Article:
Jean-Efflam Bavouzet and the Seattle Symphony shine in piano concerti by Haydn, Mozart and Beethoven

United StatesUnited States Haydn, Beethoven, Mozart: Jean-Efflam Bavouzet (piano and conductor), Seattle Symphony Orchestra. Benaroya Hall, Seattle, 04.01.2023. (ZC)

Jean-Efflam Bavouzet and the Seattle Symphony © Brandon Patoc

Haydn – Keyboard Concerto in F major H.XVIII:3
Beethoven – Piano Concerto No.2 in B-flat major Op.19
Mozart – Piano Concerto No.26 in D major K.537, ‘Coronation’

The names Haydn, Mozart and Beethoven are practically synonymous with Western music’s Classical Period. But while one might be familiar with the usual suspects in their repertoires, the Seattle Symphony’s recent program featuring pianist Jean-Efflam Bavouzet promised a refreshing take on these masters in three of their lesser-known piano concerti.

Franz Joseph Haydn’s Piano Concerto in F Major was the opener. Audiences don’t hear Haydn’s piano concerti as often as his pieces for violin and cello. Some of this may be a result of their ambiguous origins, and the simple geniality of the writing exudes courtly affability. But Bavouzet’s interpretation avoided these pitfalls, instead emphasizing the wit and energy of Haydn’s writing in a performance that felt like a true partnership with the orchestra.

Bavouzet promptly returned to the stage for Beethoven’s second piano concerto. ‘Officially’ composed in 1793, the piece is actually Beethoven’s first piano concerto. He likely began writing it around the time that Mozart composed his Coronation Concerto in 1788. Hewing to the conventions of the day, young Beethoven’s vision for what music could communicate feels trapped by expectations that this eventual revolutionary was not yet ready to dismantle. Bavouzet’s performance was a fascinating glimpse into Beethoven’s early years as a composer and a reminder that the Beethoven we know and love today did not sprout fully formed as a transformational composer, Fifth Symphony and ‘Emperor’ Piano Concerto in hand.  He was always a work in progress.

Juxtaposed against Haydn, this more nuanced view of Beethoven became apparent. As in Haydn’s concerto, Beethoven’s first effort pulses with wit and energy – and is more of a partnership between soloist and orchestra, not a heroic manifestation for soloists that the composer’s later concerti were. Still, the Second Concerto at times hints at this quality, almost like a preview of paradigm-shifts to come. This was most evident in the opening action of the first movement, where Bavouzet’s entrance brims with misdirection, and throughout the second movement, where the piano leads the orchestra in a ruminating and satisfying back-and-forth.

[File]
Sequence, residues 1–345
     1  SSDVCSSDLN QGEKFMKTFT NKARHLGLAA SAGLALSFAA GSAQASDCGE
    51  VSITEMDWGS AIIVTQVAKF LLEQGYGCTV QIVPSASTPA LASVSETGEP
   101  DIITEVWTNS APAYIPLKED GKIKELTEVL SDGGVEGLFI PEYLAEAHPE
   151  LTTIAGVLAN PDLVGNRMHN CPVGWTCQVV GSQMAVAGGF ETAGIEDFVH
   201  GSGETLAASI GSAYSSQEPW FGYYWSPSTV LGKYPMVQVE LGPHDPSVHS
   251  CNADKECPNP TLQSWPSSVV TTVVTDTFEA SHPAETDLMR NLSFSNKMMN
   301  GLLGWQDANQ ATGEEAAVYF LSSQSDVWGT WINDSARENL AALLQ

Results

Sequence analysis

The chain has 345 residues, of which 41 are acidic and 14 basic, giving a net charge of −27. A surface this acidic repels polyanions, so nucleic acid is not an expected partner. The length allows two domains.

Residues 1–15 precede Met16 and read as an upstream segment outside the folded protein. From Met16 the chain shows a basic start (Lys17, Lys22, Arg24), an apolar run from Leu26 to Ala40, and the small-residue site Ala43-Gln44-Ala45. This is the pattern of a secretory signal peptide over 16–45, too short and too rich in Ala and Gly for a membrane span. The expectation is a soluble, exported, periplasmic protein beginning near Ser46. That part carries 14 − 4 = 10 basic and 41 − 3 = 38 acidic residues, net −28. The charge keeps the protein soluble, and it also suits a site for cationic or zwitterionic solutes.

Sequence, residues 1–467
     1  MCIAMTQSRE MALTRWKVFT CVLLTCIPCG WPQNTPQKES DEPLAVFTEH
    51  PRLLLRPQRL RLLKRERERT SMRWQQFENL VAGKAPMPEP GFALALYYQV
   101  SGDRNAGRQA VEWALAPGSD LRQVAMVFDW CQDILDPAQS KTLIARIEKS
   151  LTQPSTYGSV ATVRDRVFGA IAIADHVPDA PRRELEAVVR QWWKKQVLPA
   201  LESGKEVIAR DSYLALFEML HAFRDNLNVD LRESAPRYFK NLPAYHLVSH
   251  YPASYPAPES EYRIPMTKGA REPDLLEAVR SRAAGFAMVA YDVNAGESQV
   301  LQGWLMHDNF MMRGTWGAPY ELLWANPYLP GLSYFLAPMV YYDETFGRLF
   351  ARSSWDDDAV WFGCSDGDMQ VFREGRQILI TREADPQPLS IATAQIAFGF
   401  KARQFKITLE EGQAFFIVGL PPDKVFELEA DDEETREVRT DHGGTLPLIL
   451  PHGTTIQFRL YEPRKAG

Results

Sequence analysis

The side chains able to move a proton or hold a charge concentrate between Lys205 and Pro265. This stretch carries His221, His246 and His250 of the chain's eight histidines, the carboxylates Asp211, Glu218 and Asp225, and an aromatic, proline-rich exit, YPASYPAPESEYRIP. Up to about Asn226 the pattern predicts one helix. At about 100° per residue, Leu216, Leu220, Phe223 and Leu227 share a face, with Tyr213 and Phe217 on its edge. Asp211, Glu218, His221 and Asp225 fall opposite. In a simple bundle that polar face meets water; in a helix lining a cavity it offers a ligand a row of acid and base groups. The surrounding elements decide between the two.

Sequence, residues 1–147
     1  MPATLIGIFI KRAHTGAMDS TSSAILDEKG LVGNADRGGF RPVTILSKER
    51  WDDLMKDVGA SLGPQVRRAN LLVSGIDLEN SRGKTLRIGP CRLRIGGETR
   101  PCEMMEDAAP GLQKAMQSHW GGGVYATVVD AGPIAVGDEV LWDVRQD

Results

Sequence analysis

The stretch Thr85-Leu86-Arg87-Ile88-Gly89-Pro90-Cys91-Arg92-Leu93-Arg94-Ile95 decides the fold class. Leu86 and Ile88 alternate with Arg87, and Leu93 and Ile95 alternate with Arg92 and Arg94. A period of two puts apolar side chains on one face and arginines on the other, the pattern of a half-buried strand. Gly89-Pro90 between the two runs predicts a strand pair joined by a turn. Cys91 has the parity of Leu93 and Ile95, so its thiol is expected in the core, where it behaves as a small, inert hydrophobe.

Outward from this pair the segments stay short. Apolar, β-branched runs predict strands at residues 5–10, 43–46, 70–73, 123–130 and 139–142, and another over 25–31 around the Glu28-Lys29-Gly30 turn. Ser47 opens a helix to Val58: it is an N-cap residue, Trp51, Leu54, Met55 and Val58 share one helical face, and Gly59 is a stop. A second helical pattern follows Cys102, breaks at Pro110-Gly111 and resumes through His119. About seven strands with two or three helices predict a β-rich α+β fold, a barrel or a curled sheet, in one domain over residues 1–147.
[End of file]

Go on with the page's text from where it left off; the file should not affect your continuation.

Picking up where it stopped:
Bavouzet closed with Mozart’s ‘Coronation’ Concerto. At one time, this work was among the most popular in the repertory, and its emphasis on distinguishing the solo piano from the orchestra made it a showcase for Mozart’s own virtuosic abilities.

According to academics, this is most evident in the work’s second movement: a simple melody dominates, but in the score, the composer layers it on top of an equally simple bass line. Here, the thinking goes, is where Mozart would unleash his pianistic genius, adding improvised flourishes that were never written down. Yet even on its own, the melody as written comes across as a profound statement which Bavouzet caressed to maximum effect, bringing a deeper level of emotion and meaning to the music.

Mozart generates unexpected anticipation that Bavouzet and the orchestra exploited to great effect. The Haydn and Beethoven concertos occasionally feel like pieces you wind up and let go. Mozart, on the other hand, takes the listener on a journey.

In the end, the concert was a triumph, and a reminder that even the most familiar works can be made new again in the right interpretation. Jean-Efflam Bavouzet and the Seattle Symphony created a mid-January gem that will be remembered long after the city’s wet winter nights give way to the chorus of spring.

Zach Carstensen

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